HOW HE GOT HERE
A Florida-bred, Florida-trained, and Gulfstream Park raced colt, Simplification sports one of the more unique resumes in this year’s Kentucky Derby. After a sub-par debut sprinting on the Tapeta, Simplification was put on the dirt for his next start. All he did on that day was win by 16 lengths and put up some monster speed figures. However, the hype did die down as he once again went six furlongs on the Gulfstream Park oval, this time fading following a speed duel and running third. Nevertheless, he jumped up to stakes company and never looked back, as he has won or placed in four straight stakes on the South Florida road to the Kentucky Derby.
The campaign began against a rather subpar bunch in the Mucho Macho Man S. (L) on New Years’ Day, where he showed his familiar speed and posted another dominant wire-to-wire victory. This led into his first official points race start, the Holy Bull S. (G3). Off at 7/2, it was expected that this supposed speed ball had a clear pace advantage with a large lack of early speed from his other opponents, but Simplification absolutely blew the start and was forced to come from far back for the first time in his career. Through a crafty steer by Javier Castellano, Simplification was able to sustain a bold rally and run a very strong 2nd despite the trouble. I thought this stamped the colt as a true contender for major three-year old races this year, and he backed that up with an off-the-pace score in the Fountain of Youth S. (G2). In the Florida Derby last time out, he flashed the early foot we saw earlier in his career, and it seemed like dueling between two rivals softened him just enough to fade to third down the lane.
HOW HE FITS HERE
Simplification fits the mold of a horse who has one off race in their final Derby prep before running respectably on the big day. A favorable comparison could be another horse who placed in the Florida Derby after a Fountain of Youth S. win – Code of Honor. Simplification’s talent is apparent through his dominant wins, but his ability to find ways to lose is also a concern. Expect him to be closer to mid-pack in this year’s race, as there seems to be plenty of frontrunning and close-stalking types. The adaptability this colt has presented this year suggests to me that there’s no reason to get mixed up in traffic and a potential quick pace.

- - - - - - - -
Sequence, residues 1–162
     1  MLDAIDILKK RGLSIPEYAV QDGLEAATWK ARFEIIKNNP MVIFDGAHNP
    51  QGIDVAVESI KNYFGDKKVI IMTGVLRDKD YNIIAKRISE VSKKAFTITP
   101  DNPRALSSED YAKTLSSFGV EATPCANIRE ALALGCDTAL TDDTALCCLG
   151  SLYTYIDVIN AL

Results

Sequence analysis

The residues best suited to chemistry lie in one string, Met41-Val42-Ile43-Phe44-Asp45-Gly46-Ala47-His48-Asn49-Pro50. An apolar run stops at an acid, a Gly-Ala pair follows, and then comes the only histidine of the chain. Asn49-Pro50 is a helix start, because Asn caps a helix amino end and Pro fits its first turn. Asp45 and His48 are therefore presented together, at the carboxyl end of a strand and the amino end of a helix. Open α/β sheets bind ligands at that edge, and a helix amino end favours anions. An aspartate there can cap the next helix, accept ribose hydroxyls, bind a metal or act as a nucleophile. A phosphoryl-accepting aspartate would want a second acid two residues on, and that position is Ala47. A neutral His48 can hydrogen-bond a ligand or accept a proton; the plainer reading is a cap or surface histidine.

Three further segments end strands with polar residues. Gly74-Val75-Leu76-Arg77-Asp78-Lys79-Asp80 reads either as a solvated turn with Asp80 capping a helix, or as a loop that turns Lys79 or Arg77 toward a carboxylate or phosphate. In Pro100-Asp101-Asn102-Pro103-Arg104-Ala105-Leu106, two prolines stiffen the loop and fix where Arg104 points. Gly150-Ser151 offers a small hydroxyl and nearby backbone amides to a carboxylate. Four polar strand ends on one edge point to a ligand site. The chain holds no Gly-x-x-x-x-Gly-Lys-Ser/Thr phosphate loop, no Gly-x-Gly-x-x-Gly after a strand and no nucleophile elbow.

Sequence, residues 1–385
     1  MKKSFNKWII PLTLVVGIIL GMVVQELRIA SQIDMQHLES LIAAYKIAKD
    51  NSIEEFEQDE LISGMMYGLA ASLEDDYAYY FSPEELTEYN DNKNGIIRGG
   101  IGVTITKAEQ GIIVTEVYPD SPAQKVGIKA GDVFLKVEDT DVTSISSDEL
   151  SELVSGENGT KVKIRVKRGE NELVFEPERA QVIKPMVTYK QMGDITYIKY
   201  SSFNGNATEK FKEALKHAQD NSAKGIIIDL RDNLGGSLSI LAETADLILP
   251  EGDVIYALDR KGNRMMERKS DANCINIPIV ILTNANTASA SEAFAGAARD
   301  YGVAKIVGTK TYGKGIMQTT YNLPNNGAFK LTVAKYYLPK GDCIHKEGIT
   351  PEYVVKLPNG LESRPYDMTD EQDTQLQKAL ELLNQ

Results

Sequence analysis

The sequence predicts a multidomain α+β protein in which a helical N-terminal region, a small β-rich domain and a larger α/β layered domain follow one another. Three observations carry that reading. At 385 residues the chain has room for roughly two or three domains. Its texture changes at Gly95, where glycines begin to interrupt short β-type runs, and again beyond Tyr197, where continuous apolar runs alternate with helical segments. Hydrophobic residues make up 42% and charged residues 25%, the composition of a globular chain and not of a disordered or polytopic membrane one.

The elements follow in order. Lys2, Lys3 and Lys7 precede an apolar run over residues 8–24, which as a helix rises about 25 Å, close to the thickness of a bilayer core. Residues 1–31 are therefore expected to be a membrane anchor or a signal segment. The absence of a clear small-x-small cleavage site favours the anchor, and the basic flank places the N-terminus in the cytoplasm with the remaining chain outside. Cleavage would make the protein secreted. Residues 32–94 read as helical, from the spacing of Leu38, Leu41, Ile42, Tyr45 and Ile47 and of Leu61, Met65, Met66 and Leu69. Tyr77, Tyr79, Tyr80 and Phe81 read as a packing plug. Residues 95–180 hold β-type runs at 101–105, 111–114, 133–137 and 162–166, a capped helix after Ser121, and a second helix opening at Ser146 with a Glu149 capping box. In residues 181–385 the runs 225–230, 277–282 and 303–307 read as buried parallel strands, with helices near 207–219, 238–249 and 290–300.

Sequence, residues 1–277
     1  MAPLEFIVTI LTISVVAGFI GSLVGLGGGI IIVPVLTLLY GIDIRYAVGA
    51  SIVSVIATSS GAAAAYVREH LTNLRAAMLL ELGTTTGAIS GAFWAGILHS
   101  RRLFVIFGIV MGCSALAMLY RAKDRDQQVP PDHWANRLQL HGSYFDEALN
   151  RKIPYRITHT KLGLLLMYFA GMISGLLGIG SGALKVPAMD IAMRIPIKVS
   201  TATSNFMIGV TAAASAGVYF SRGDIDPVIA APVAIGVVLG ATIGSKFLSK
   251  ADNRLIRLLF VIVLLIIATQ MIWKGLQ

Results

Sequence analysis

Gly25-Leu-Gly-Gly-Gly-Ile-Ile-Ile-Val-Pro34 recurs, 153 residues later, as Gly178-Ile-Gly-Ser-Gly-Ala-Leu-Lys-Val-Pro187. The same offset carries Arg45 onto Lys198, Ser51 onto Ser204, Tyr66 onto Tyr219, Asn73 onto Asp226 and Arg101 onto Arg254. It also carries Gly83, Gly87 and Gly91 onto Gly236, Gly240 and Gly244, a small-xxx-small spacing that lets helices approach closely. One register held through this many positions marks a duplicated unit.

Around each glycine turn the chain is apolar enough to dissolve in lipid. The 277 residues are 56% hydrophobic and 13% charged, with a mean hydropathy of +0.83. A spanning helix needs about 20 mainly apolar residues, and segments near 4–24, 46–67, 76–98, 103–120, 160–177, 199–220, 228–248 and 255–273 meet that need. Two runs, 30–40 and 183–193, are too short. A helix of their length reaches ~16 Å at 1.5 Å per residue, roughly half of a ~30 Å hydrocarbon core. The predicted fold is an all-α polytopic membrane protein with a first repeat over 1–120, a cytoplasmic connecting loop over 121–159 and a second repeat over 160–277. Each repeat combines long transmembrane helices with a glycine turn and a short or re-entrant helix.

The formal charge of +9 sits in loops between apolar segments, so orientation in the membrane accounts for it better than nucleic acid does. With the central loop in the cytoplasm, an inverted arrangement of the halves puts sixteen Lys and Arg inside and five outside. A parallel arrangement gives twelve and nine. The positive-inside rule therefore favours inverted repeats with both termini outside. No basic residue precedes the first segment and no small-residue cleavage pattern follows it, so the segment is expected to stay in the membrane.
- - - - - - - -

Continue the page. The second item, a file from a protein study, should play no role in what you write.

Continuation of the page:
The biggest fault for Simplification is his inability to beat White Abarrio, who won both the Holy Bull S. and Florida Derby. I’ll give Simplification the benefit of the doubt for the Holt Bull run, but he had every chance to be the better horse in the Florida Derby but was unable to. It’s also worth noting that no horse out of the ten runners he beat in the Fountain of Youth S. has come back to win in their next start.
— TwinSpires Racing 🏇 (@TwinSpires) March 5, 2022
CONNECTIONS AND PEDIGREE
Simplification will be the second Kentucky Derby starter for trainer Antonio Sano, following Gunnevera in 2017. Sano has had good success at the highest levels and certainly maximizes the potential of his better stock. Our subject will be ridden by Jose Ortiz, who I’m sure most reading are familiar with. Ortiz has led the nation in earnings on multiple occasions and took out the 2017 Eclipse Award for Champion Jockey. He has yet to win the Kentucky Derby, but placed with both Good Magic and Tacitus in recent years.
Not This Time is set to be represented by two Derby starters this year, Simplification and Epicenter, and also has one horse on the outside looking in in In Due Time. Not This Time was an excellent runner who’s career was cut short due to injury, but has begun a prolific ascent up the sire rankings from his first few crops. Simplification is out the Candy Ride mare, Simply Confection, who placed in stakes on dirt while racing. This pedigree screams classic distances, and is actually on the same exact cross as likely Derby favorite, Epicenter, so the bloodlines are definitely not a knock on Simplification.
Simplification seems like a horse one can’t avoid in this year’s Kentucky Derby. Although he’s coming off a loss, his consistent figures and running lines give him the chance to at least find the board. As we’ve seen over the past two years, coming off a win in the Kentucky Derby doesn’t necessarily guarantee victory. He’s well bred for this kind of race, is adaptable as can be, and just finds ways to run good races. Does he have to get a little better? Absolutely. Yet it’s fair to think the value will be flowing come post time, and taking a flyer on Simplification might be a profitable route when all is said and done.